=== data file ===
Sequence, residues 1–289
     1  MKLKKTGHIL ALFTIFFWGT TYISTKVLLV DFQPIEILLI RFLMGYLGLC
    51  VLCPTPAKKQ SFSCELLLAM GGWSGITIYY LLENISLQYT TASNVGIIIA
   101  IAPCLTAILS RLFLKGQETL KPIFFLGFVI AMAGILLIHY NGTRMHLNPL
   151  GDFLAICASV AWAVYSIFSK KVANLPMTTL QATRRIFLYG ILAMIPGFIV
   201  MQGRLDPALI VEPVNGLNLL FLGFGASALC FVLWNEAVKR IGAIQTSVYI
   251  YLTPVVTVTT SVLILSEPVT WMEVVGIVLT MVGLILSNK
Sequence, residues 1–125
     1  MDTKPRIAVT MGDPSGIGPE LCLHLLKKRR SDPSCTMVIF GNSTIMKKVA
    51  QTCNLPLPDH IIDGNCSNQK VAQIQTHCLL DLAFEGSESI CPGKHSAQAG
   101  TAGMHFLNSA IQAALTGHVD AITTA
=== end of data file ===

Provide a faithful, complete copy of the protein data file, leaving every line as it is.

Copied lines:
Sequence, residues 1–289
     1  MKLKKTGHIL ALFTIFFWGT TYISTKVLLV DFQPIEILLI RFLMGYLGLC
    51  VLCPTPAKKQ SFSCELLLAM GGWSGITIYY LLENISLQYT TASNVGIIIA
   101  IAPCLTAILS RLFLKGQETL KPIFFLGFVI AMAGILLIHY NGTRMHLNPL
   151  GDFLAICASV AWAVYSIFSK KVANLPMTTL QATRRIFLYG ILAMIPGFIV
   201  MQGRLDPALI VEPVNGLNLL FLGFGASALC FVLWNEAVKR IGAIQTSVYI
   251  YLTPVVTVTT SVLILSEPVT WMEVVGIVLT MVGLILSNK
Sequence, residues 1–125
     1  MDTKPRIAVT MGDPSGIGPE LCLHLLKKRR SDPSCTMVIF GNSTIMKKVA
    51  QTCNLPLPDH IIDGNCSNQK VAQIQTHCLL DLAFEGSESI CPGKHSAQAG
   101  TAGMHFLNSA IQAALTGHVD AITTA